The driver nodded. “How much cash you got? Maybe we can get you where you’re headed.”

“I have cash. Their house is where I’m headed, if I can get a ride.”

He took my money. I thought about buying them some ice cream. But I knew better than to suggest it. For one, I had no cash left. Also, what if that boy was Stanley? He appeared to be in agony. There was an unspoken energy between him and the driver who seemed to be waiting for any reason to rain hell down on his smaller friend. I broke the tension by thanking the three of them for not lifting their shirts over their faces when I approached. I asked why people did that since I was obviously cured.

“They’re just superstitious,” the driver said. “You’ll be riding in the back of the truck.”

“OK.”

“And how’d you get infected?”

He asked this like it was someone else’s question, a formality he needed to get out of the way before we could leave Chums Circle. It all rushed back, and I told the story, like I often had on the island, about the tarp and the garage and the fire wood and how the spider had crawled out from the folds, onto my knuckle, and how I just stared at it, almost willing the thing to bite me before it did just that. And yes, I had seen the warnings on TV, heard them on the radio, sprayed poison around the foundation of our home at the insistence of my wife. I even tacked on that tired island punchline: “And that’s why I wear these rubber gloves.”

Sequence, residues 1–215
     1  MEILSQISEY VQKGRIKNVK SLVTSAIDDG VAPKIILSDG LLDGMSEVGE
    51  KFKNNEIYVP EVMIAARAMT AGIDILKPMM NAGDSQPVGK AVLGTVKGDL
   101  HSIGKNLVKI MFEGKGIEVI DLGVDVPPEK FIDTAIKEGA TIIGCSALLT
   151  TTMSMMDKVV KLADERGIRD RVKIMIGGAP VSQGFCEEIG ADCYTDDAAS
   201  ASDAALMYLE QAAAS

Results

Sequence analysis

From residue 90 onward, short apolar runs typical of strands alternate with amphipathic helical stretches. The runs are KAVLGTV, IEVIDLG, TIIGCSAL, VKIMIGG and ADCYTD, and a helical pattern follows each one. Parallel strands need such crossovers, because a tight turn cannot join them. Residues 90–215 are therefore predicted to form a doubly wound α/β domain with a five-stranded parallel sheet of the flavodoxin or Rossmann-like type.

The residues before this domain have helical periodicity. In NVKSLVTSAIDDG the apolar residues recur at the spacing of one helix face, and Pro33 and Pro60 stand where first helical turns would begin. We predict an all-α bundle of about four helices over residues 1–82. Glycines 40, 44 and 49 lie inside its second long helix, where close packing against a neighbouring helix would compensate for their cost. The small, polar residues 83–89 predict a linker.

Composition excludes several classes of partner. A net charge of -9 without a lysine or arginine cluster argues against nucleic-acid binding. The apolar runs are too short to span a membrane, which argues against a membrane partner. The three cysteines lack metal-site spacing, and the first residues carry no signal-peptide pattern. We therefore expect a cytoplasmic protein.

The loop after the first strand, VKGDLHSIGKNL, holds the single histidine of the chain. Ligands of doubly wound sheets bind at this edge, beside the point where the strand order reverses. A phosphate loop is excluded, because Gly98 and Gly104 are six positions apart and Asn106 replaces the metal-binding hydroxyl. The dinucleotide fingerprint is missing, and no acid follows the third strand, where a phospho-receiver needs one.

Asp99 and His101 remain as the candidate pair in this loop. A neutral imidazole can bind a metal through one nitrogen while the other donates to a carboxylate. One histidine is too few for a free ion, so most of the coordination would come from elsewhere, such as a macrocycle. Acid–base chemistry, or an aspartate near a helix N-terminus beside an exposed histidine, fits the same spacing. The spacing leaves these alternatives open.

“Nice,” said the driver, and he guided me into the dog cage in the back of his truck. Even Tuffy would have found the cage snug, and though I had no plan to break out, they padlocked the gate shut. I knew where they were taking me. Not the exact place – it could have been a garage or a clearing farther into these woods or a farm with a secluded barn on the back of someone’s property.

It turned out to be a beach. I wasn’t ready for the sound of waves again. The island was so small, you never really got away from the waves. For half a day I had escaped the sound, and I hated myself, now, for the comfort it brought back. They pulled the cage off the tailgate and let it crash to the sand. My sunglasses fell off, and I wiped the sand from my eyes. The three of them stood with their flashlights and cans of insect repellent.

“Look at those things.”

“Damn it.”

“Jesus, he’s ugly.”

“Shut up.” The driver gripped the shoulder of the boy, worrying at his bottom lip just like Stanley used to, and gave him a gentle shove toward the cage. “Do the honors.”

Whatever he needs, I told myself, and when the sweet boy hesitated, long enough for a dragon fly to cross between us, I nodded for him to proceed, giving them my face until the cans stopped hissing, and all I could hear was their laughter, a sob, the sound of truck tires on the sand, the whir of a weather instrument, the wave.